Breaking down the misconceptions about contraceptives

March 19, 2020

White walls. Tile floors. Crowded waiting rooms. 

A gynecologist’s office might not always feel like the most welcoming place, but for many girls, it can seem like the only way to learn about and be prescribed birth control. 

More than 99 percent of females aged 15 to 44 with sexual intercourse experience have used at least one contraceptive method, according to the Guttmacher Institute.

Whether it is the pill, an Intrauterine Device (IUD), an implant, a shot or a condom, contraception plays a vital role in the lives of both men and women around the world. Birth control was first legalized in the United States in 1960 and just two years later, 1.2 million American women were taking the pill regularly. By 1965, the numbers grew significantly, with the Federal Drug Agency (FDA) confirming that over 6.5 million American women were actively taking the pill. 

According to a March Bark survey, 66 percent of Redwood students who have intercourse self-reported using some form of birth control. The pill is generally the most popular form of birth control. Among Redwood students who use birth control, 30 percent of them self-reported using the pill. However, there are actually 18 forms of birth control recognized by the FDA. These different methods come with their own sets of advantages and disadvantages, and what works for one person may not work for another.

 

Birth Control Pill

According to Planned Parenthood, the birth control pill is about 91 percent effective, when taken at the same time every day. However, because the pill is not taken at the exact same time every day, it is only about 85 percent effective.

About 21 different brands of birth control pills exist within the market, all with different hormone levels and target goals. For example, some are more focused on clearing skin and acne, something that 85 percent of teenagers struggle with yearly, according to a University of California Davis study. Other pills focus more on limiting cramps or making periods regular.

Birth control pills come in monthly packages and individuals are instructed to take one pill every day around the same time. Missing a day or, in some cases, taking it at the wrong time can decrease the pill’s effectiveness. The pill works by stopping ovulation and thickening the mucus around the cervix.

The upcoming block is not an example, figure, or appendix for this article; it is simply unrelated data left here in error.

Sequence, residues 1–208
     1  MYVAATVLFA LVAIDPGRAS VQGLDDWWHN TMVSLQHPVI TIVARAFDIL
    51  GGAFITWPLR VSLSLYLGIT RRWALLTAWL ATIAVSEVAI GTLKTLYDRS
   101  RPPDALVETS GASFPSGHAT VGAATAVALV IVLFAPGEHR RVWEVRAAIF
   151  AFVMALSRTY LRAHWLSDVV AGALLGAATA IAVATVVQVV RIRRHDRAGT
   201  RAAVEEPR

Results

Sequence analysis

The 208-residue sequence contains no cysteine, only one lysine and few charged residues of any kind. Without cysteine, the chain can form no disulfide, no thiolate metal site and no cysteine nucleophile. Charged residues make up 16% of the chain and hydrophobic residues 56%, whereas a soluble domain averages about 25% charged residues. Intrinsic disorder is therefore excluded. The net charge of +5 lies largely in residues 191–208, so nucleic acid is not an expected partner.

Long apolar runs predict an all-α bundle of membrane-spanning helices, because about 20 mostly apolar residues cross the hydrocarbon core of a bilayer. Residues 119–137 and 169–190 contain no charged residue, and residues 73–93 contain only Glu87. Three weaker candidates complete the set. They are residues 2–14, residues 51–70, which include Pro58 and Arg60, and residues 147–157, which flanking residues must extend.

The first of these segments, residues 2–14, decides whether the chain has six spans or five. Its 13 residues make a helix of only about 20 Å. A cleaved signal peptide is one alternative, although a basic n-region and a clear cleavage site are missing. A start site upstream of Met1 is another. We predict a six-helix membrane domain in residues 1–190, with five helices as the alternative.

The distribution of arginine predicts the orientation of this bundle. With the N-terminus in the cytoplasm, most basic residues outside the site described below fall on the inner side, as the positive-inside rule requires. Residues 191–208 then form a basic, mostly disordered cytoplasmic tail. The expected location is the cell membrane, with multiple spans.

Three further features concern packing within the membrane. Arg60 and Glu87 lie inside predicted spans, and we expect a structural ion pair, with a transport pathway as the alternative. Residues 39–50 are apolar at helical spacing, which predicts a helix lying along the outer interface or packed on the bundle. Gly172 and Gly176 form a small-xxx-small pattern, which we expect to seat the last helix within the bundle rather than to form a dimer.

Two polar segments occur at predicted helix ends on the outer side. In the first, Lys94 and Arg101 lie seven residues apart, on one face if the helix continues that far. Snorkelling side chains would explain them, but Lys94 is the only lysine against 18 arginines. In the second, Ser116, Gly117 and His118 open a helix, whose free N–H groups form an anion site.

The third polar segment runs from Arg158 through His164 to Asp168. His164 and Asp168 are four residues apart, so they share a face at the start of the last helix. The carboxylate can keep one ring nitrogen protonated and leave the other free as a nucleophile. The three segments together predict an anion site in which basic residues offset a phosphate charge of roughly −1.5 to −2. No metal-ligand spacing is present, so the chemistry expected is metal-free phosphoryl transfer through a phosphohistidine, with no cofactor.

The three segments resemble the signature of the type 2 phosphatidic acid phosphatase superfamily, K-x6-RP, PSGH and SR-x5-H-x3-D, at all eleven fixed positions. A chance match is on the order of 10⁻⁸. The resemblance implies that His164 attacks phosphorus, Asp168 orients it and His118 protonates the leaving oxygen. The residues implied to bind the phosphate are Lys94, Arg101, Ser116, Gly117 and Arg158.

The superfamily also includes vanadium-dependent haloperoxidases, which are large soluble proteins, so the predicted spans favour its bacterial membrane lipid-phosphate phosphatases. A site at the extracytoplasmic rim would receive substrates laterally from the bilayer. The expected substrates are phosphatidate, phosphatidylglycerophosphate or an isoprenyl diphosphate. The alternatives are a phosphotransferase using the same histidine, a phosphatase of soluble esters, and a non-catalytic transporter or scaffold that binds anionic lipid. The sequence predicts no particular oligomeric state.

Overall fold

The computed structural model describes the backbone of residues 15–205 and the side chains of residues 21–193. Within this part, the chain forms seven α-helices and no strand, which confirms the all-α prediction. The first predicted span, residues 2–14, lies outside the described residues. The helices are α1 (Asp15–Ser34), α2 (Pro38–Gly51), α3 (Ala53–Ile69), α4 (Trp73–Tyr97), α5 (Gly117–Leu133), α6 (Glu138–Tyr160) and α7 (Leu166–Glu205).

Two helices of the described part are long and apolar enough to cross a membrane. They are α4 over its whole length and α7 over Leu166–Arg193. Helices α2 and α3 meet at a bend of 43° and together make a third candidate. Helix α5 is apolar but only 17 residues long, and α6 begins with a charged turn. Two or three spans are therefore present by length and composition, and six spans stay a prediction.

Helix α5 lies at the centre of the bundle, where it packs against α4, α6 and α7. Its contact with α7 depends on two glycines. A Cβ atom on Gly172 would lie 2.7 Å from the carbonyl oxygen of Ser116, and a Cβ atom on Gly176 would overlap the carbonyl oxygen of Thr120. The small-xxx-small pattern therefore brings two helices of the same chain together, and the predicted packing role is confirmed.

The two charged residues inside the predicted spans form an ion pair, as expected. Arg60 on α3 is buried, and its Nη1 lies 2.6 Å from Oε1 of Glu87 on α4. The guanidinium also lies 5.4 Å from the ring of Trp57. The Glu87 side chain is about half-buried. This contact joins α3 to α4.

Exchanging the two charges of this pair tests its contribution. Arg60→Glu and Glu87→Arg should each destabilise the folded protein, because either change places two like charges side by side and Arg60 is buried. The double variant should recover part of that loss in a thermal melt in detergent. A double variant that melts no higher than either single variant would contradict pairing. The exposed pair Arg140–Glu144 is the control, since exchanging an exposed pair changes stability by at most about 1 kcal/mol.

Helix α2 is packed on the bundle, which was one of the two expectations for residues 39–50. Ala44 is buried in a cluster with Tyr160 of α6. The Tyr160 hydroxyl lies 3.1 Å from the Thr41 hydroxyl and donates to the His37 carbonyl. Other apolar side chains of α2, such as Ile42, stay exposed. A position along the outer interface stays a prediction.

Many people use the birth control pill for reasons other than to prevent pregnancy as well. Senior Camille Dupuy was diagnosed with anemia, a deficiency of red blood cells, her freshman year of high school. Her doctor recommended she begin taking the pill to stop her period, which would prevent losing iron.

However, after experiencing complications with the first pill she was prescribed, Dupuy ended up switching brands after a few months.

“The pill I was on before affected my mood a lot, and it also made my skin really dry,” Dupuy said.

 

Intrauterine Device (IUD)

An IUD is a small T-shaped device that is placed inside the uterus. There are two types of IUDs: copper and hormonal, and five different brands all lasting for different time periods between three and 12 years. One type of IUD, the ParaGard, is non-hormonal and wrapped in copper. Both types are about 99 percent effective, according to Planned Parenthood. 

Hormonal IUDs use a hormone called progestin to prevent pregnancy. Progestin thickens the mucus in the cervix and can temporarily stop ovulation while the IUD is inserted.. For users with a copper IUD, sperm are repelled by the metal from the copper IUD in the uterus, preventing pregnancy.

Copper IUDs can also be used as a form of emergency birth control. The IUD can be inserted up to five days after unprotected sex in order to prevent pregnancy, and this method is over 99.9 percent effective, according to Planned Parenthood.

For some, getting an IUD can be cost-prohibitive. The price of an IUD ranges widely, between $0 and $1300, according to Planned Parenthood. However, IUDs can be free or less expensive with many health insurance plans, including Medicaid. 

Senior Lola Torresi has had an IUD since her sophomore year. She was initially taking the birth control pill, but went off it after a few months after developing severe side effects. 

“I tried the pill, but I had an extreme reaction to it,” Torresi said. “It made my mood swings really bad, and I knew that I couldn’t take [the pill anymore].”

Marin Catholic junior “Isabella,” whose name has been changed for anonymity, also faced severe mood swings after going on the pill her sophomore year. 

“Originally, I went on the pill to make my periods shorter and to help my skin, but it was really affecting my mood, and I was way more depressed and upset all the time,” Isabella said.

After reaching out to her doctor, Isabella was recommended to Mirena, one of the smallest types of hormonal IUDs.

Toressi, like Isabella, ultimately decided to get a hormonal IUD, and she visited a gynecologist to have it inserted. 

“It was painful for a few seconds, just the initial shock of it, but for the five years of having it, I think the few seconds of pain are so worth it,” Torresi said. “I don’t have to worry about taking a pill every day, and there’s such a low amount of hormones in my IUD that I barely experience any side effects.”

Unlike the birth control pill, an IUD is a one-time procedure that lasts five years, which can be easier to manage than taking a pill or using a condom, both of which must be used regularly. “Julia,” an anonymous senior at Tamalpais High School, had her IUD inserted one year ago to prevent pregnancy and alleviate the stress of birth control while in a committed relationship. 

“When kids are sexually active, pregnancy can be a really scary thing, but the IUD meant I didn’t have to stress about that at all,” Julia said. “I was in a relationship last year and for part of this year, and it was just nice not having to worry [about pregnancy].”

However, an IUD is not a perfect contraceptive method. In a small number of women, between two and 10 percent, the IUD can slip partly or completely out of the uterus, according to Healthline. Doctors are trained to help when this happens and can take the IUD out by simply pulling the string.